My dad sent me an email a few weeks ago with no message attached, just an article entitled "Billionaires Dumping Stocks, Economist Knows Why?" Knowing my dad, what he wanted to know was if he too should be joining the so-called "smart money" and dump his portfolio. Because we still feel the sting of the financial crisis, we're jumpy about making a move because we might get hurt again. Articles like the one he sent are enough to make anyone jumpy.
If you dug into that article or any of the myriad like it that are out there, you'd find another expert who has found something big. In this case, according to the article, "Warren Buffett, who has been a cheerleader for U.S. stocks for quite some time, is dumping shares at an alarming rate." It noted that in the latest SEC filing for his company, Berkshire Hathaway, had slashed its holding of consumer product stocks by 21%. It went on to say that "Buffett's apparent lack of faith in these companies' future prospects is worrisome."
That article went on from there to point out other billionaires who sold equally massive amounts of stock. The real kicker here is that these sales are tied to those billionaire investors' fears that a massive correction is about to hit the market. That correction, according to that aforementioned economist, could be as much as 90%. My fellow Fools, that'll catch the attention of any investor.
The thing is, the article my dad emailed me was originally dated Feb 6. As luck would have it, not more than a week later Buffett announced a deal signaling that he was in fact not dumping the American consumer. Instead he was doubling down on that bet by teaming up to buy Heinz for more than $23 billion. Ah, the value of hindsight in making a decision. Buffett's reason for trimming his consumer-facing stocks could have more to do with opening room in his portfolio for Heinz than about any correction fears. It would also appear that Buffett is taking a page out of his own book and being greedy when others are still fearful.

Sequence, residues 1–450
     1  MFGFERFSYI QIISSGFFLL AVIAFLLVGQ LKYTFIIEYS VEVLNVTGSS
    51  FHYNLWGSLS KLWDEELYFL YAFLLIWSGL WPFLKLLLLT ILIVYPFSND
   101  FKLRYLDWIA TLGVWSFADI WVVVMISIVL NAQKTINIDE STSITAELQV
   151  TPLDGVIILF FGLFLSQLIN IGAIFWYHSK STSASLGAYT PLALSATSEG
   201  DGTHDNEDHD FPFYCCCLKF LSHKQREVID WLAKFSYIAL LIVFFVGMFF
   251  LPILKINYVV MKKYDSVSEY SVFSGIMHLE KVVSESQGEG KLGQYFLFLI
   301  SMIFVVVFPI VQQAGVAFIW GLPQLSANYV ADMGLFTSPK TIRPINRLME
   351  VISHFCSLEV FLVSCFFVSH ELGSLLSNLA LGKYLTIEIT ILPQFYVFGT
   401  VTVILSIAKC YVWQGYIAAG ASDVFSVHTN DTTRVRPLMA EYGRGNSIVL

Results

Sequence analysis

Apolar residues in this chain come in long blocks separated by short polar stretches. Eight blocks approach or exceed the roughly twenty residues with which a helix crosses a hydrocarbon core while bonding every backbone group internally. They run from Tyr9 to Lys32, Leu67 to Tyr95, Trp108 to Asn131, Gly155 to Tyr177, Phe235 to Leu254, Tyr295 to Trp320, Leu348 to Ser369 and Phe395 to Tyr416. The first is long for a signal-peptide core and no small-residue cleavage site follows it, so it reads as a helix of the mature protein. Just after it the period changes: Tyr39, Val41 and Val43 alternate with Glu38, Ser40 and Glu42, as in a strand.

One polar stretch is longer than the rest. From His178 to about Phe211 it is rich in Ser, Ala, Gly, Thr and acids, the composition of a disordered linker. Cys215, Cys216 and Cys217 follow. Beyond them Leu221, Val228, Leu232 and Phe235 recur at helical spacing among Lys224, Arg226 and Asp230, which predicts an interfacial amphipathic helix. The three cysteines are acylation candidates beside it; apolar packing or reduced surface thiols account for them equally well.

My advice to my dad is to just buy great companies and don't worry about what the market is doing in the short term. We'll never know when that next correction is coming so only luck would save us from that pain. Instead, by investing money for the long term we can profit alongside great businesses. That's why I'm encouraging him to join in on what Buffett's really doing and buy a few shares of a great company and not worry about trying to time the market. Here's a sneak peak of the list of three companies I think he should consider buying now.
As the largest independent oil and gas company, ConocoPhillips is a solid energy choice for any investor. It's going to grow its oil and gas production by 3%-5% annually over the next few years. That's pretty good growth for such a large company. Even after reinvesting billions to meet those production growth goals the company will have plenty of money left over to pay its investors a very healthy dividend, which currently yields almost 4.5%. With worldwide operations, as you can see in the image below, this is one of the better pure-play investments on the growth of energy demand.